Prep work is an important part of our fitness plan, serving as more than just a warm-up. It prepares your body for both performance and conditioning segments. Our daily prep work includes strategically placed components like rotation exercises, stability work, and weekly plyometrics. These elements enhance the program’s effectiveness and ensure essential movement patterns are not overlooked, contributing to your overall development.

2. Performance Work

This segment includes progressions for power, strength, and hypertrophy commonly found in bodybuilding or strength-specific programs.

Note: Like prep work, depending on the training cycle, the performance work segment may also include low level exposure of exercises that target additional aspects of fitness, such as athleticism, stability, mobility, and more.

Most days, your training session will start with a compound exercise, followed by an accessory segment consisting of supersets (two exercises performed consecutively) and giant sets (three or more exercises done in a row with minimal rest).

Note: Recent studies show that supersets can be as effective as traditional straight sets for building muscle and strength while also saving time.

Set Ranges

In each performance work segment, you’ll notice a set range (e.g., 3-4 sets). This means you can choose to perform 3 or 4 working sets based on how you feel and your experience level with the exercise. This flexibility accommodates individual differences and fitness levels.

As we progress through the training block, the number of suggested sets will increase (e.g., 4-5 sets). If you did 3 working sets in the first week, you might do 4 sets in week 3 or even 5 sets if you’re feeling good. Conversely, you can scale back if needed.

Note: Please note that working sets do not include warm-up sets. Always ensure you do at least 2-3 warm-up sets before starting your working sets.

Repetition Ranges

For the majority of progression within the performance work, we include repetition ranges (ex. 8-12) instead of specific weight loadings to accommodate individual differences and equipment availability.

It’s up to each member to determine the appropriate weight for each exercise based on their fitness level and experience. Unless specified otherwise, the aim is to reach close to failure (2-3 RIR, or reps in reserve) or failure (0 RIR, or reps in reserve) on each set of an exercise within the indicated rep range. For an explanation of reps in reserve, check out this guide.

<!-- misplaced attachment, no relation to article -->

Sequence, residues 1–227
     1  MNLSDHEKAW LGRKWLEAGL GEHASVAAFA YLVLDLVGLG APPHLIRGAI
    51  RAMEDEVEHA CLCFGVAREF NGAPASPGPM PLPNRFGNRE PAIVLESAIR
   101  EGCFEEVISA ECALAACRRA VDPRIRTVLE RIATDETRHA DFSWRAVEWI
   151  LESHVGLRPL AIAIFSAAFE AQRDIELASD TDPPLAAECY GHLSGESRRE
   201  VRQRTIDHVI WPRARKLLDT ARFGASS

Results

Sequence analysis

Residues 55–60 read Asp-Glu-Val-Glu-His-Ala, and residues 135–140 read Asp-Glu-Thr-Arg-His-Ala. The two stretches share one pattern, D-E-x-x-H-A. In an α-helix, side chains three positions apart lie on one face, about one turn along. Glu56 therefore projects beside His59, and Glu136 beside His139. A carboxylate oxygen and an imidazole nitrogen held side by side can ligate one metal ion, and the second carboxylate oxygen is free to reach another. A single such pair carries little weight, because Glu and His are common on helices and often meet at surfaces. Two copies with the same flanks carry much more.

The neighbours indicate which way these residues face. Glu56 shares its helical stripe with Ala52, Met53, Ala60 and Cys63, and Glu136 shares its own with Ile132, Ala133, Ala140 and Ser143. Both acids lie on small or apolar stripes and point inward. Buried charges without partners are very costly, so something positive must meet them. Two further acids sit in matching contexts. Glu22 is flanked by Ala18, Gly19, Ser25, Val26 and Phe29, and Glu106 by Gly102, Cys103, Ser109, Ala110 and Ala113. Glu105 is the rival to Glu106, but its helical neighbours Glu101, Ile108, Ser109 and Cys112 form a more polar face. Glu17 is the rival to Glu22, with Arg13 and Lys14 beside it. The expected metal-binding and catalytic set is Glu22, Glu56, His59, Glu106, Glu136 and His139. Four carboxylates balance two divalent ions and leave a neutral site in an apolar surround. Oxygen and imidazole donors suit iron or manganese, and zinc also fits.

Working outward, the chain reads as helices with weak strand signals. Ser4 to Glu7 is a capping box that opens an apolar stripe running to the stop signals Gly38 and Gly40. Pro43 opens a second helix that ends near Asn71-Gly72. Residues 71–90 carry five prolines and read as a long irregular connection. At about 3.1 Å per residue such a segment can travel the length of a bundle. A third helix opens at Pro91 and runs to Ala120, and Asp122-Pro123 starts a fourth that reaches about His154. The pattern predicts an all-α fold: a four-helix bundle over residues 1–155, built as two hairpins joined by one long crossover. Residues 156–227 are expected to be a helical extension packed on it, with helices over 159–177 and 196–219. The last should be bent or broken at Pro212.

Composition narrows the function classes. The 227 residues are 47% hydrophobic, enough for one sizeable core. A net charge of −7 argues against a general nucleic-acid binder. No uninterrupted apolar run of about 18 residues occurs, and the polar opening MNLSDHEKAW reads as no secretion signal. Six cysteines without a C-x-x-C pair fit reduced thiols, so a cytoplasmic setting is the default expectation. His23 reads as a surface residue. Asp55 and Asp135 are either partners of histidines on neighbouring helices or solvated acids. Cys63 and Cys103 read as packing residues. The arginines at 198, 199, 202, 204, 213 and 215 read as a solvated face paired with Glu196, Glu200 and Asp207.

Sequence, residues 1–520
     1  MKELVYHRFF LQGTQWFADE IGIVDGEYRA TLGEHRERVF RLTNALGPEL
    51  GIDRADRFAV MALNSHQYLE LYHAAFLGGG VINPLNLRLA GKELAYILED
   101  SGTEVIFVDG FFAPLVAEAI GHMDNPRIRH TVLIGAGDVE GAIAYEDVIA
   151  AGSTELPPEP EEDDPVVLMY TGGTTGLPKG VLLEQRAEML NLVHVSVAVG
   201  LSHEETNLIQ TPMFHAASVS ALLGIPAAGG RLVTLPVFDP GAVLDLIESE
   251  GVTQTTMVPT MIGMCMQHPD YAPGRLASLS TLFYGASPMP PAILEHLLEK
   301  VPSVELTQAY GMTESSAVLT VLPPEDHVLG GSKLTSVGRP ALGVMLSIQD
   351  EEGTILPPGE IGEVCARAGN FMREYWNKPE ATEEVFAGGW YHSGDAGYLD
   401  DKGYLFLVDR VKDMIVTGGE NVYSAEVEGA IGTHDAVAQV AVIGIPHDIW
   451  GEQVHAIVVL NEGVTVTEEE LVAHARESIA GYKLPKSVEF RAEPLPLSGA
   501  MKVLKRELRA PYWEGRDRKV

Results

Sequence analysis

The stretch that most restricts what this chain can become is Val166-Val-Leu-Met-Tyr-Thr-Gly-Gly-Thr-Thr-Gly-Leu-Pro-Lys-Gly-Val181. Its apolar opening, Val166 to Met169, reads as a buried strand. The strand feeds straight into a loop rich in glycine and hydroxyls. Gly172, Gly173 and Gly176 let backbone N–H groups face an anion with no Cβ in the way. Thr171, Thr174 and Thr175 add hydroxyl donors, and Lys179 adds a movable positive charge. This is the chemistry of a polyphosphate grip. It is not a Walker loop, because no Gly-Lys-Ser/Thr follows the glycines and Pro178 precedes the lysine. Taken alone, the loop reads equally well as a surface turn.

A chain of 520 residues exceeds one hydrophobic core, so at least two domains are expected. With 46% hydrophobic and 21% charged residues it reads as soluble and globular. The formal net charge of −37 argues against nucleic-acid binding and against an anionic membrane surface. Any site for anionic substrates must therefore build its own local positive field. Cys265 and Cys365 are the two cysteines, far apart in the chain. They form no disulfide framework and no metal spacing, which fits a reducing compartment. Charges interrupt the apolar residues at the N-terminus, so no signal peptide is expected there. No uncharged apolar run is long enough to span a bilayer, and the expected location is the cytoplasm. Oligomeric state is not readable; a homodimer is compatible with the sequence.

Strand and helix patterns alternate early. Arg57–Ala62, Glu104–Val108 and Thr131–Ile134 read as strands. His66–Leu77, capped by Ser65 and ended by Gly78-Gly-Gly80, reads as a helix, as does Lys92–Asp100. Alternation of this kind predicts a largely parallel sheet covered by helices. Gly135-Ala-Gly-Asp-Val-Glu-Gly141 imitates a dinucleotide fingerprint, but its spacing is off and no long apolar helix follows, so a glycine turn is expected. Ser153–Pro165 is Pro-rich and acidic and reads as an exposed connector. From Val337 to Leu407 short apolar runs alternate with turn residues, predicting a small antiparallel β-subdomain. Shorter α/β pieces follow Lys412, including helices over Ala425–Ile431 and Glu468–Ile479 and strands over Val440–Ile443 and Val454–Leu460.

By following these guidelines, you can safely and effectively select weights for your performance work sets, ensuring you get the most out of your training sessions.

Performance Work Sets, Reps, and Weight Selection


3-4 Sets
6-8 Back Squat with a 2-second pause at the bottom
Rest 2 minutes between sets

How to Select Weights for the Example Above:

Choosing Your Sets:

You can perform either 3 or 4 working sets based on how you feel and your experience level with the exercise. If you’re new to the program or this type of training, consider starting with 3 sets. If you’re more experienced, go for 4 sets

Choosing Your Weight:

Warm-Up Sets: Start with 2-3 warm-up sets (these do not count towards your 3-4 working sets).
Working Weight: Choose a weight that allows you to complete 6-8 reps with 2-3 reps in reserve (RIR) while maintaining the 2-second pause on each rep.
Adjustments: If completing 8 reps feels easy (more than 3 RIR), increase the weight. If 6 reps are difficult, decrease the weight.
Optional Increase: For those with more experience, aim for 0-1 RIR on the last set or two.

Key Points:

Start with 2-3 RIR: Ensure you begin with 2-3 reps in reserve, considering the 2-second pause or any other specified intensification technique.
Adjust Based on Fitness Level: Modify the weight based on your fitness level and how you feel each day.